On direct appeal, we rejected defendant's claim that: the Family Part's waiver of jurisdiction was error; the improper admission of hearsay evidence denied him a fair trial; the prosecutor's closing argument contained numerous instances of prosecutorial misconduct; and the sentence imposed was excessive. We affirmed defendant's conviction and sentence. State v. Mathis, No. A-3316-98 (App. Div. June 2, 2000) (slip op. at 2). The Supreme Court denied certification.
State v. Mathis, 165 N.J. 603 (2000).
On September 25, 2003, defendant filed the PCR petition that is the subject of this appeal. In that pro se petition, defendant argued: perjured testimony had been used to secure his conviction; the petit jury and grand jury were not "made up from a fair cross-section of the community including blacks and Hispanics"; he should have been afforded proportionality review of the waiver decision because Caucasians are less likely to be waived to adult court than African-Americans; the "egregious" and cumulative errors of trial counsel denied him effective assistance; and appellate counsel rendered ineffective assistance on a number of issues, including his failure to effectively challenge the admission in evidence of the statement defendant gave to police.
In his February 24, 2005 pro se memorandum of law in support of his PCR petition, defendant argued:
I. Defendant's state constitutional right to indictment by grand jury was violated when the facts required to be found before defendant could be tried as an adult were not charged in the indictment. Furthermore, defendant's federal and state constitutional rights to trial by jury were violated when a judge made the findings that resulted in defendant being tried as an adult, and not as a juvenile.
II. Defendant's federal and state constitutional right to a jury trial were violated when the trial judge found the aggravating factors used to increase defendant's sentence for murder beyond the prescribed maximum. Furthermore, defendant's (state constitutional) right to indictment by grand jury was violated when the aggravating factors used to increase the sentence for murder were not charged in the indictment.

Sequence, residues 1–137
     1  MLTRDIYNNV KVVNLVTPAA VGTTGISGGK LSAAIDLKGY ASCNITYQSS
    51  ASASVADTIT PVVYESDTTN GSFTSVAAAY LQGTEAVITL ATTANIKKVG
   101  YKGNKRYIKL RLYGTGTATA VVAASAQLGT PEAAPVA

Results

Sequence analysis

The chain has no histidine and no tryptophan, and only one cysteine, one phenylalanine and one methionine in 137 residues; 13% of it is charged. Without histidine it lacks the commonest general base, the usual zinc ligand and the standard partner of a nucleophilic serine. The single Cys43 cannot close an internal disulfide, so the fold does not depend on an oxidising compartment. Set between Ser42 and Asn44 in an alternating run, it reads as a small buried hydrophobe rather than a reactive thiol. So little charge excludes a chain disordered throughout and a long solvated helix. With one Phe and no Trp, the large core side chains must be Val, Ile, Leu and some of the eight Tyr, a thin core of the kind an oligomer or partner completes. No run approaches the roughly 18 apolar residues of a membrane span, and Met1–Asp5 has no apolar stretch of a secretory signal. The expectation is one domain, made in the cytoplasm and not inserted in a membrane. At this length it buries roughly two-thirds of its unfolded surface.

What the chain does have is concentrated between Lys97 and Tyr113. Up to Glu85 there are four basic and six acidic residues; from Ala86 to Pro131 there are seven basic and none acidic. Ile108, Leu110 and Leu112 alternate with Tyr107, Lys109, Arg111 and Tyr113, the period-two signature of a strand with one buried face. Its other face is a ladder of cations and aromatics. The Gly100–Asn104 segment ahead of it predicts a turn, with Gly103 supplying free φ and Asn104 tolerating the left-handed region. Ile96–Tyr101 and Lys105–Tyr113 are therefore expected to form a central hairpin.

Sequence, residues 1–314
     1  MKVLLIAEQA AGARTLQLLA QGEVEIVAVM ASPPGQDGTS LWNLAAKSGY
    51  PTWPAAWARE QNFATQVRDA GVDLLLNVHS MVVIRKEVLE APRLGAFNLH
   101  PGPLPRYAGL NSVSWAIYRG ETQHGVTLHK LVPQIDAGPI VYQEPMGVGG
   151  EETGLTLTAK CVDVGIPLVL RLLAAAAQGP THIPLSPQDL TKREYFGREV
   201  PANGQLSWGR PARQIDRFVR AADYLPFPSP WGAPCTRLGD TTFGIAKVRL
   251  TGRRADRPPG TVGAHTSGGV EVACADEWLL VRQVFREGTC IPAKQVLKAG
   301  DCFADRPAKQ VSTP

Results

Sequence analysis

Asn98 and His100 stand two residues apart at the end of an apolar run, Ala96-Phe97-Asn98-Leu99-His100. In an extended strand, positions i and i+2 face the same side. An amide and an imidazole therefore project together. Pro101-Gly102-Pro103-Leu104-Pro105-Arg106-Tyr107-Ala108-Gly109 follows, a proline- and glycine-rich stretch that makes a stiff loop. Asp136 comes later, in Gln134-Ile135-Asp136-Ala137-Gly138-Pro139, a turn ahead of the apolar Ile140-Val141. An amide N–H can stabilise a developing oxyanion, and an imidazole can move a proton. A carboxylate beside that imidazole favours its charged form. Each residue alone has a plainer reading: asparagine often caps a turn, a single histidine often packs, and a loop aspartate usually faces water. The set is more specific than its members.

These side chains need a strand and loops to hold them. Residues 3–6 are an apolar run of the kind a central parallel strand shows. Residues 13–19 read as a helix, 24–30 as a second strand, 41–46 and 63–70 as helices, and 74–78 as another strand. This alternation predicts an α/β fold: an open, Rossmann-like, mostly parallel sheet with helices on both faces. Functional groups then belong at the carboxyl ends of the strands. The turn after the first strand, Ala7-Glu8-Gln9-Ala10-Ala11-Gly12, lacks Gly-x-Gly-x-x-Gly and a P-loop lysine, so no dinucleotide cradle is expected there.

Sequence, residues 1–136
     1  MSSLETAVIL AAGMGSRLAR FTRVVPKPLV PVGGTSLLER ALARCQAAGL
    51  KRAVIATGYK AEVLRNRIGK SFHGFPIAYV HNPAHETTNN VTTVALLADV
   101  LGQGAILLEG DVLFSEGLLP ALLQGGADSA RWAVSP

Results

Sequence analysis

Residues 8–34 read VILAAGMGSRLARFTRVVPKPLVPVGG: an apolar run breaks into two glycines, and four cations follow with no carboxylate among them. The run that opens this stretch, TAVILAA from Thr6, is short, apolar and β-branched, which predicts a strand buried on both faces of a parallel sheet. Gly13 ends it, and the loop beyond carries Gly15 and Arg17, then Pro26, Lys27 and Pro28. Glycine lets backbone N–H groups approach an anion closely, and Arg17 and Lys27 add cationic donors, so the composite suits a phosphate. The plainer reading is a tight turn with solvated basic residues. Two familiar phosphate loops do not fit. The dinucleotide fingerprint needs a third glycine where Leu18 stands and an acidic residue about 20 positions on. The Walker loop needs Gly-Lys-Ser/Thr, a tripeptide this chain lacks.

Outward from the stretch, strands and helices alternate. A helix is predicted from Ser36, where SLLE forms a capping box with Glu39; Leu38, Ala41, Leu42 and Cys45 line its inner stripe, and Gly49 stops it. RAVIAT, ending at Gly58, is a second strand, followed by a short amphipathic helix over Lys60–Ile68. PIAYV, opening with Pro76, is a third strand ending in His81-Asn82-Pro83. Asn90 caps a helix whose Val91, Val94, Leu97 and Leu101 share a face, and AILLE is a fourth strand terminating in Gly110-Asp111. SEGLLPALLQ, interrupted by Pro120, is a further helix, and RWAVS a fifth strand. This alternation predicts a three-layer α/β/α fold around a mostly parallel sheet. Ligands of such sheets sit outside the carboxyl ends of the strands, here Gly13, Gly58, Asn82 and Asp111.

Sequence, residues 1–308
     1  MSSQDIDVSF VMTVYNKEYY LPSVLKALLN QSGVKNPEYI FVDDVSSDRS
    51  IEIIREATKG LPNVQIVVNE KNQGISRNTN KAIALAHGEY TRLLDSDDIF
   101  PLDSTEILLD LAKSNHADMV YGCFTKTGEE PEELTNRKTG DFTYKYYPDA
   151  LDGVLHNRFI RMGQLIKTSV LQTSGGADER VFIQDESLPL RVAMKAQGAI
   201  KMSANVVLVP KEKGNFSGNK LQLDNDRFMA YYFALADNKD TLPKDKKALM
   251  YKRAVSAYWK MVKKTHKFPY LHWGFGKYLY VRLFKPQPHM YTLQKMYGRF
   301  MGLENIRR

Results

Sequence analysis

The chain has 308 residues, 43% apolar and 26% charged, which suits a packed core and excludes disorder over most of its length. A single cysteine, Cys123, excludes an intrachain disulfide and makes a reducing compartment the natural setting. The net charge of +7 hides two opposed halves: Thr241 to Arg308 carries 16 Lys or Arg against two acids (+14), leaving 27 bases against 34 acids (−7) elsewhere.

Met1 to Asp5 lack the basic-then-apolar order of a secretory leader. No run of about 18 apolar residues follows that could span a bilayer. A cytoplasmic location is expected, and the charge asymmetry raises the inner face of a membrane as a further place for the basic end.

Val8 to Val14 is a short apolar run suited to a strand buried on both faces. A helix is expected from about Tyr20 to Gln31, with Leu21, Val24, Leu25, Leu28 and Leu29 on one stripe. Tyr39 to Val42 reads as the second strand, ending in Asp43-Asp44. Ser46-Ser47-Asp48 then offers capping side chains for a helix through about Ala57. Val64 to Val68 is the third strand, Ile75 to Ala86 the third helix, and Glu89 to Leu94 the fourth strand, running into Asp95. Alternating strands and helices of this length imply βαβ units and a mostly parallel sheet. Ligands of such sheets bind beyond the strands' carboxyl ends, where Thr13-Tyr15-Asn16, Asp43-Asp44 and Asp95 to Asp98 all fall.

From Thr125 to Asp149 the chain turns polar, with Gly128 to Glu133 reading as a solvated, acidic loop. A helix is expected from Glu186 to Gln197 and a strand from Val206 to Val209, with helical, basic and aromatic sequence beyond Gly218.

III. Defendant's waiver of his Miranda rights was not knowing and intelligent because defendant was not informed that, although he was a juvenile, any statement made by him could be used against him in a prosecution as an adult.
IV. Trial counsel was ineffective for failing to present evidence of defendant's low intellectual functioning in order to establish that defendant's waiver of his Miranda rights was not knowing and intelligent.
V. Trial counsel was ineffective for not presenting in mitigation of sentence the evidence of defendant's low intellectual functioning and personality disorder.
VI. The new rule proposed in Point III should be retroactively applied to defendant.
VII. The claims for relief are not barred by a procedural rule.
In a supplemental pro se letter brief filed in August 2007, defendant added the following additional issue:
I. Trial and appellate counsel were prejudicially ineffective by failing to discover and raise the issue of the defendant's lack of competence to stand trial. N.J. Const. (1947), Art. I, Par. 10; U.S. Const., Amend V; VI; XIV.
At the February 29, 2008 PCR hearing, PCR counsel did not submit a brief in support of defendant's petition. Nor did he certify that he had conducted an independent review of the record and had determined that there were no additional claims that could be advanced on defendant's behalf. Instead, relying solely on defendant's submissions, PCR counsel's oral argument, in its entirety, was as follows: